Make it easy to use

The key to increasing adoption of 3D vision for robotics, according to Saidi, is to make the technology as simple to use as possible. 'Unless SMEs understand what to expect from a technology it's going to be hard to get them to use it,' he said. 'Because even people with experience in machine vision have had lots of issues in terms of expectations – they think a technology is going to do something for them and it ends up not working the way they expected. It gets shelved or not used, and it's very frustrating for them. SMEs going through that, that will completely put them off.

'First, it needs to be very simple to use,' he continued. 'More importantly, the performance, how well these things work, needs to be well understood, so that when they [the customer] ask for something they know what to ask for, and when they get it they know what to expect.'

In order to help the users and integrators of these systems, NIST is working on best practices for 3D vision solutions for particular applications. Saidi and his team are speaking to industry experts and consolidating the information into something that everyone can use – users, integrators, and manufacturers. He said he welcomes participation from the industry.

Selby said that any reputable company developing automation solutions should be able to offer trials and demonstrations of equipment to a reasonably high level, so that the expectation is met by the customer prior to sale, or through a period of test and proof of concept.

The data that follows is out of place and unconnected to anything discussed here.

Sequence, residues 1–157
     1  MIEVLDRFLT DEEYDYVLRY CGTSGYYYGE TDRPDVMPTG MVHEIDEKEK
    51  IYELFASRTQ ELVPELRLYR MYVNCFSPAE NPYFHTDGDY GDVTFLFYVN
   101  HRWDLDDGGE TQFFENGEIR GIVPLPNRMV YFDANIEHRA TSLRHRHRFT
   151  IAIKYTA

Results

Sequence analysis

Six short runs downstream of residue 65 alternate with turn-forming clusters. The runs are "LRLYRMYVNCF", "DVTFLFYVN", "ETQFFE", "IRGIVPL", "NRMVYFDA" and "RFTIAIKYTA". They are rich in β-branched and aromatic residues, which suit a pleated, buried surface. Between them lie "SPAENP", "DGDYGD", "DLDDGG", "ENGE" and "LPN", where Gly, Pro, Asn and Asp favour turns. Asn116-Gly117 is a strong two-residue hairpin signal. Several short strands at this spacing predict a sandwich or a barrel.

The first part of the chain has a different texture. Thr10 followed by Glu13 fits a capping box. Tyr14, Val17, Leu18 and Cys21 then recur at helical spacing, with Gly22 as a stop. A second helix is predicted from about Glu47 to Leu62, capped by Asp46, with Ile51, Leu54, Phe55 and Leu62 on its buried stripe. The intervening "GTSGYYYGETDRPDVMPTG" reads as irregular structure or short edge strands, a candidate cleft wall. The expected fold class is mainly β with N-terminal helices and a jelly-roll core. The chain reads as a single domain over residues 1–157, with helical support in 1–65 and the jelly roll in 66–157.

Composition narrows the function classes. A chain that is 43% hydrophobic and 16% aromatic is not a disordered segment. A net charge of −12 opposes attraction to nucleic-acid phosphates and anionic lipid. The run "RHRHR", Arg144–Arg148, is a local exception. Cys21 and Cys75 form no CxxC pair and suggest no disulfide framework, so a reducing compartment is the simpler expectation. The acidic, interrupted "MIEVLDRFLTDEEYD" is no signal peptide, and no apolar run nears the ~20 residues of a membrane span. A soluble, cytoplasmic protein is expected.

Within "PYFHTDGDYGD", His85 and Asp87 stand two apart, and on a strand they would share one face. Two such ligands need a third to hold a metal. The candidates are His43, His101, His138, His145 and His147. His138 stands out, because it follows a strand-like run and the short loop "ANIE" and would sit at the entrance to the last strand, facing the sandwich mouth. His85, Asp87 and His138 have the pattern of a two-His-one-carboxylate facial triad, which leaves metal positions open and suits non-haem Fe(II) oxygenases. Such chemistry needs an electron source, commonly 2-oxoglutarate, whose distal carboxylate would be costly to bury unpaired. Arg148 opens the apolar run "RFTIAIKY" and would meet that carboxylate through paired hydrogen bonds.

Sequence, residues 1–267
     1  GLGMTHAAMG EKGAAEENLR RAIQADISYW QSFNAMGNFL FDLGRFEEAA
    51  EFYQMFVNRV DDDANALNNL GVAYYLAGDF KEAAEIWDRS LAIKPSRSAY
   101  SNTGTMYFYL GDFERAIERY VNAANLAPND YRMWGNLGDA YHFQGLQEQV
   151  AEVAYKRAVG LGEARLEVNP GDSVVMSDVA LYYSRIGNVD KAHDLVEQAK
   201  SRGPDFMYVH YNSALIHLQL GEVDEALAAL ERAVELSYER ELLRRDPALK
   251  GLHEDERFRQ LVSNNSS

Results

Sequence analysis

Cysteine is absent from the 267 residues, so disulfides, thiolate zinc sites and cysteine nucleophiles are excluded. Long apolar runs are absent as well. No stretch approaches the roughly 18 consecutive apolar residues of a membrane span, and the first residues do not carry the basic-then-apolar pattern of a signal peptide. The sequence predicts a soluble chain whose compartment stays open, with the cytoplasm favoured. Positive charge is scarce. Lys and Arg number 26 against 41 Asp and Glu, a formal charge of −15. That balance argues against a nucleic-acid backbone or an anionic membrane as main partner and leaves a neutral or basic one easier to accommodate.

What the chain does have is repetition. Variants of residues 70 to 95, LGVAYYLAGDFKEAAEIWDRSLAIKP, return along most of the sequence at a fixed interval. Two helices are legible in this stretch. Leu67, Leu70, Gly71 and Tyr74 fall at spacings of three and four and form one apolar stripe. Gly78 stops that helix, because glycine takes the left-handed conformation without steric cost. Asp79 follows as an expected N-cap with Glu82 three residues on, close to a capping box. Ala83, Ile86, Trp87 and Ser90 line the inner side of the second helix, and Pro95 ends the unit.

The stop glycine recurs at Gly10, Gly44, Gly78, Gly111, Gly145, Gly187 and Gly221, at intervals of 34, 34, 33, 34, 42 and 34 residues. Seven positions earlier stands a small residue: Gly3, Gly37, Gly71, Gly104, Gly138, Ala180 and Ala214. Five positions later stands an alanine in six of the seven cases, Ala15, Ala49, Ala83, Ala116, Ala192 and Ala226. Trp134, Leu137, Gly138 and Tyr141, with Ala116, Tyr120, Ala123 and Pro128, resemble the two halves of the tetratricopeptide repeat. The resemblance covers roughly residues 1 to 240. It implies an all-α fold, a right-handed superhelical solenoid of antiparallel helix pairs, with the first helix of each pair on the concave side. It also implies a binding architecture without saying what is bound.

Soetens said that a lot of people are yet to buy their first 3D vision system. 'What we see is that a lot of users are making the same mistakes regarding designing the gripper or setting up their cell,' he said. This led Pickit to the conclusion that the firm has to help customers think about the gripper and the robot alongside the vision - as more of a complete solution.

'We see companies partnering – gripper companies, vision companies, robot companies. Everyone is looking for this magical mix of the perfect combination for a given application,' he said.

'The industry would prefer to have a reliable and tested set of components that work well together instead of having all the freedom of choice but all the freedom to make a mistake,' Soetens continued. He believes that over the next two years there will be much more integration between the gripper, the software, the camera and the robot.

Selby added that education at an early stage – at university and schools – is important to further the use of robotics. Fanuc globally has education products for robotics that include vision. 'It's important to us that engineers of the future are able to take those robotic products and implement vision systems on them,' he concluded.